Understanding Cross-site Scripting (XSS) Attacks: Anatomy, Risks, and Examples

15 Apr 2017 . category: tech . Comments
#security #redteam #dvwa

Cross-site Scripting (XSS) is a type of attack that allows an attacker to inject client-side instructions into a web application that is viewed by other users. This type of attack is very dangerous since an attacker can grab your session ID, enabling session-hijacking, which can lead to identity theft within the web application. XSS vulnerabilities are at the top of the OWASP Top Ten web application vulnerabilities, making this kind of attack very valuable.

The anatomy of the attack is simple. Any user input can be an attack surface where an attacker can enter JavaScript code. If the web application returns this input to the client without encoding the < and > characters, the browser will interpret the script tags as trusted JavaScript instructions sent by the web application and execute it. From that point, the attacker can get access to the web page’s cookie:


To demonstrate how XSS works, we can use the DVWA web application and navigate to the Reflected Cross Site Scripting (XSS) section. The form asks for our name, so let’s say we are John Smith:


Then, we can inject the JavaScript code as shown in the example.:


As a result, we obtained our own cookie. However, the question remains: how can we steal another user’s cookie?

It turns out that user input is sent to the server as GET parameters, which means that our JavaScript code is included in the URL:;script&gt;alert(document.cookie)&lt;/script&gt;

If we send this URL to a victim and the victim clicks on it (assuming they are logged into the web application), we will obtain their cookie.

It’s worth noting that this attack can be made harder to detect by encoding the URL, making it more difficult for users to recognize that they are being targeted:

Much harder to see that it’s an XSS attack, isn’t it?

However, the exploit is not yet complete, as our goal is to send the victim’s cookie to a server that we control. This way, we can take over the victim’s session. For the sake of this post, we will skip this part as it is out of scope.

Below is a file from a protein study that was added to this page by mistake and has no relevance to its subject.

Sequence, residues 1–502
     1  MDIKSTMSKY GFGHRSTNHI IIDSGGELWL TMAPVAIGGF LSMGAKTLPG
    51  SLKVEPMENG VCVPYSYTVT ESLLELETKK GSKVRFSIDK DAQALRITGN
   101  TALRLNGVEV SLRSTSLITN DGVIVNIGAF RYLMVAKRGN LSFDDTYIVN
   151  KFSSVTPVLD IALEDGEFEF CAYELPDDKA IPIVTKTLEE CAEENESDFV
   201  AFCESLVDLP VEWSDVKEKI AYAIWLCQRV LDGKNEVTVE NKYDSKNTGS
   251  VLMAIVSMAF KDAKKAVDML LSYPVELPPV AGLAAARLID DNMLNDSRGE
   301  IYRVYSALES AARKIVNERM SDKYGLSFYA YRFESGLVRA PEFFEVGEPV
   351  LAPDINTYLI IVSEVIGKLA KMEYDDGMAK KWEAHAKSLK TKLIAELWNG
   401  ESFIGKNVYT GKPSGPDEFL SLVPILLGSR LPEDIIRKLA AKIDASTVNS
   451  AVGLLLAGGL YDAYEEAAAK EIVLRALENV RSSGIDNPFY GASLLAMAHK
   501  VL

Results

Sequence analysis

It’s worth noting that DVWA categorizes XSS vulnerabilities into two types: Reflected XSS and Stored XSS. Reflected XSS attacks require the victim to submit the injected code, which is then reflected back to the server via the victim’s browser. On the other hand, Stored XSS attacks occur when we manage to persist the injected code on the web server itself. This is the most powerful type of XSS attack, as any user who visits the affected page will be served with the injected JavaScript code. A recent example of a Stored XSS attack was found against Twitter, where the injected code retweeted the original tweet whenever it appeared on a user’s timeline 😊

Let’s move on to the Stored XSS section in DVWA. This section requires us to input a name and a message. Let’s assume we are John Smith, and we will input “Hello World” as the message:


Now, let’s inject our JavaScript in either of the two fields available:


The injected code is now stored in DVWA’s database and will be executed every time the page is loaded. If you want to remove the injected code, you can recreate the DVWA database.


A creative thinker who is not afraid to challenge the norm. His diverse track record includes failed startups, approved patents and scientific publications in top conferences and journals. Driven by a mission to protect what matters most to you.